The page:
by BRAD ROLLINS
Officials say Hays County and its partners will close any day now on the purchase of an easement on the 2,275-acre Dahlstrom Ranch. Owner Gay Dahlstrom says she is nearly at a point at which she will have to sell to developers.
The county, the city of Austin and the Nature Conservancy wanted to close the deal by Dec. 31, saving Dahlstrom and her family from paying another year of taxes on the property. However, what is being described as a holdup in paperwork at the U.S. Department of Agriculture’s Natural Resource Conservation Service over non-substantive changes to the contract delayed closing over the holidays.
Seeking amended authorization from the Hays County Commissioners Court to allow for a 2010 closing, Pct. 2 Commissioner Jeff Barton, an architect of the ranch’s preservation, said he expects negotiations to be settled sooner rather than later.
“It is a program involving one of the most important uplands recharge features in all of Central Texas. It is a five-party agreement which makes it something of a landmark in itself,” Barton said.
Hays County is contributing about $5.3 million toward the easement purchase; the city of Austin is putting up $1 million. The parties expect to receive a $4 million grant from the NRCS.
Located southwest of the intersection of FM 1626 and RM 967 near Buda, the Dahlstrom Ranch is profiled in the January issue of Texas Monthly magazine.
The ranch “remains one of the largest undivided parcels of land in the eastern Hill Country. It’s a reminder of what the region used to be,” Andrew Sansom writes, describing a terrain marked by limestone outcroppings and caves important to recharge of the Edwards Aquifer.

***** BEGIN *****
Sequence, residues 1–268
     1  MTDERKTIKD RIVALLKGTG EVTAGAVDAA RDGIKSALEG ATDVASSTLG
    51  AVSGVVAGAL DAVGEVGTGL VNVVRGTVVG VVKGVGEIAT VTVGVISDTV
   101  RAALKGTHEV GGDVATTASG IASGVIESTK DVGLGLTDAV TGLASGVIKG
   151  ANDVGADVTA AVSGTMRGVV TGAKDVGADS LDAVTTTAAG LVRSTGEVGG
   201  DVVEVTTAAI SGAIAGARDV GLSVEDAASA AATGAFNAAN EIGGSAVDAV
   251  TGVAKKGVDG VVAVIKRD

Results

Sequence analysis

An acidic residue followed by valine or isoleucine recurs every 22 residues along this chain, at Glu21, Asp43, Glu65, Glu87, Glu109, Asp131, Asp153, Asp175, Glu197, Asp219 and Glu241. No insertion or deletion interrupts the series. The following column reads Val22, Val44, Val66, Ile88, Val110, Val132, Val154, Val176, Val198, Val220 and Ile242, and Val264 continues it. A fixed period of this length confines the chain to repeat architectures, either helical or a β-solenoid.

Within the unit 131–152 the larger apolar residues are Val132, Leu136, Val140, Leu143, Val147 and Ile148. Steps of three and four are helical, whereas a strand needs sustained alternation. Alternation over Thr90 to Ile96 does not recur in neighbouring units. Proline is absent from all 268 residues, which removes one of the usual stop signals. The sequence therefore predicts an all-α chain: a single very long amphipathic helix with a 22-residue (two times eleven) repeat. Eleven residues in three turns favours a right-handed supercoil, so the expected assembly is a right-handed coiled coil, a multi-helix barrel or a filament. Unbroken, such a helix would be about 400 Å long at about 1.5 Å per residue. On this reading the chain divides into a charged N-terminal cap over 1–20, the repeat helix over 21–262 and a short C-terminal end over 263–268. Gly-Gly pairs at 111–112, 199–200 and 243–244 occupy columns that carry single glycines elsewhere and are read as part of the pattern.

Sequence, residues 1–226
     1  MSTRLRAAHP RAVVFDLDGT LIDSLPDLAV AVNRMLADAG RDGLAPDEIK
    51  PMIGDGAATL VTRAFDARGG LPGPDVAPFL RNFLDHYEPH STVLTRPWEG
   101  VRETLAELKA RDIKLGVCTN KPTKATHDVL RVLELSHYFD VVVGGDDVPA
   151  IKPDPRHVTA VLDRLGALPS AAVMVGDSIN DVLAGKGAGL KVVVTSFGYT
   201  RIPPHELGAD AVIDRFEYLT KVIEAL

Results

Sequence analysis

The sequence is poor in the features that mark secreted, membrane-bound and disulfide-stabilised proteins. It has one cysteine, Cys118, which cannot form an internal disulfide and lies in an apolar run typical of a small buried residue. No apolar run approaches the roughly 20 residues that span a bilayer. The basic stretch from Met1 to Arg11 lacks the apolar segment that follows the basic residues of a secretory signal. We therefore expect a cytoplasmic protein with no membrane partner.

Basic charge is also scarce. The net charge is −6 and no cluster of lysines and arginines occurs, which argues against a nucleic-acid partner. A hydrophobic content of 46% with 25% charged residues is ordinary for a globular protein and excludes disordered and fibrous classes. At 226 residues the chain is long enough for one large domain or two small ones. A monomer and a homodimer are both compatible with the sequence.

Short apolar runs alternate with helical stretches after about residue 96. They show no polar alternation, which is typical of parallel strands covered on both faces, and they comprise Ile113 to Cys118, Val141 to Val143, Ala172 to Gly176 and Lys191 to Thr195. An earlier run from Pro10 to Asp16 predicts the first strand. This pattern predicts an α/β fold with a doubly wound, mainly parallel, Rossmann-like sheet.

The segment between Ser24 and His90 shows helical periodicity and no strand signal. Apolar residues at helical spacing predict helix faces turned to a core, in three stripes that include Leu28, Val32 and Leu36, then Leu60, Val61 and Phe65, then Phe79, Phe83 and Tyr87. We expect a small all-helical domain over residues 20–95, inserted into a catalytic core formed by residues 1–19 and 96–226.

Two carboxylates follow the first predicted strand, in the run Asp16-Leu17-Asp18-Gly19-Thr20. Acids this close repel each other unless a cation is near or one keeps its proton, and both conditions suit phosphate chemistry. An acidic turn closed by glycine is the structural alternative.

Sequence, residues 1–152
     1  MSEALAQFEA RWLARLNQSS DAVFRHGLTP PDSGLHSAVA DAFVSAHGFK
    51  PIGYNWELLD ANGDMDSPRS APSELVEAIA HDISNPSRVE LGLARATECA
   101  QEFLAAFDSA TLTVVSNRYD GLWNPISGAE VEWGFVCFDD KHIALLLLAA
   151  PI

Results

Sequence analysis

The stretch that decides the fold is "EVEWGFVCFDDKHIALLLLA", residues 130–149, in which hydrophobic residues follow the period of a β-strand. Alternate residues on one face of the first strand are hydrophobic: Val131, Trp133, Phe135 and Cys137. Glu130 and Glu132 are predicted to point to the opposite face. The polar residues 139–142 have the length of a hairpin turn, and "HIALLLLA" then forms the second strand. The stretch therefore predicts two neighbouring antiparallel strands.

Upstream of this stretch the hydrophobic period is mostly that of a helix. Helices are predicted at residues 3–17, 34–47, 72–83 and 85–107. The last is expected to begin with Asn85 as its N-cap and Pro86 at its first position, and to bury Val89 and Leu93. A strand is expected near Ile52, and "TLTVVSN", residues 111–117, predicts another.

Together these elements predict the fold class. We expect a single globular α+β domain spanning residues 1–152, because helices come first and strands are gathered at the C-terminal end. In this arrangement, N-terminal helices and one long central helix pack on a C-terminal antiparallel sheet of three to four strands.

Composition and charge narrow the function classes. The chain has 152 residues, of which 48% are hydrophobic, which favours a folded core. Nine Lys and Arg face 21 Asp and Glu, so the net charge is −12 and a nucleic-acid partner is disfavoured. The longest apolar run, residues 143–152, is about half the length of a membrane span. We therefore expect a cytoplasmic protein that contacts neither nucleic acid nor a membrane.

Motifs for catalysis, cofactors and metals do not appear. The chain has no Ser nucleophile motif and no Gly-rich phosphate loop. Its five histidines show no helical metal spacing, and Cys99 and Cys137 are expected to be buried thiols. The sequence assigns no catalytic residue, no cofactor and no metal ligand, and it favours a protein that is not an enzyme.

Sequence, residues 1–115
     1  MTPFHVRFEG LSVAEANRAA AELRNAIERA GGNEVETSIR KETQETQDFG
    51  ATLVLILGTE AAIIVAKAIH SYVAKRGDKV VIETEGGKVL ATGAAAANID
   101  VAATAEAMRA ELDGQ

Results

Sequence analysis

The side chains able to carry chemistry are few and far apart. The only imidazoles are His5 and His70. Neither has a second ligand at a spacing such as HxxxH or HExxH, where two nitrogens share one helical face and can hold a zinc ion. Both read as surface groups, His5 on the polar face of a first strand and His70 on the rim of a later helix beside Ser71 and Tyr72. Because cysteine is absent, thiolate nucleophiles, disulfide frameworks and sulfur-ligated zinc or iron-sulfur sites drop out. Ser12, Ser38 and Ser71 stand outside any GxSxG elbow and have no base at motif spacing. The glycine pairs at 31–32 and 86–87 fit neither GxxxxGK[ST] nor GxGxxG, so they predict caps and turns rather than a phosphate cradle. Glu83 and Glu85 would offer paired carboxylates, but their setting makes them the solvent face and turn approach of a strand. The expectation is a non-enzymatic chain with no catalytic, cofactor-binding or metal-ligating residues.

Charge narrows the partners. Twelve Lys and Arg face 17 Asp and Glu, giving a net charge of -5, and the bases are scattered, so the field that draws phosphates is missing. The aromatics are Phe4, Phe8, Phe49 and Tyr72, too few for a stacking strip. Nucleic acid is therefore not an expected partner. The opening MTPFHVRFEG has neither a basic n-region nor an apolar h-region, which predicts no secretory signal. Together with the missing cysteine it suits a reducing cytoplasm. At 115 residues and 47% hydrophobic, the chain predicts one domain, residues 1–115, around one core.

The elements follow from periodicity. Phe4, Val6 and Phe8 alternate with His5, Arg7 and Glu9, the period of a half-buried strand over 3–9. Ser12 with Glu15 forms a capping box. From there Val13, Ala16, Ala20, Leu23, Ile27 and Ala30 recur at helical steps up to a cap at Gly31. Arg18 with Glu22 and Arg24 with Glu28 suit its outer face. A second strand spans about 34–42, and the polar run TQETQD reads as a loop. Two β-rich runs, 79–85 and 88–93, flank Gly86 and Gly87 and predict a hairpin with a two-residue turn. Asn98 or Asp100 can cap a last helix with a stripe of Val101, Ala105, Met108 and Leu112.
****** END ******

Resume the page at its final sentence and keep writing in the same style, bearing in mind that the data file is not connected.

The article states, “… It is important to realize the severity of the crisis posed by the continued fragmentation of family property. … The stresses of rising property taxes, inheritance taxes and suburban development have combined to drive landowners from ancestral lands faster than ever before, putting our wildlife, our water supplies, and our very sense of place in jeopardy.”
Preservation of the property is a bargain, Barton said. The land is worth $40-50 million on the open market, he said, and even a conservation easement is appraised at $23 million. Sale of the development rights to the land for less than $10 million constitutes the largest land donation to Hays County.
“It is a gift to the current citizens and it is a gift to future generations,” he said.
The county is also negotiating lease of the 350-acre Howe Pasture on the ranch for public access. The current iteration of that deal, thought it is not signed, calls for a seven year lease with the option of three 5-year extensions.Email | Print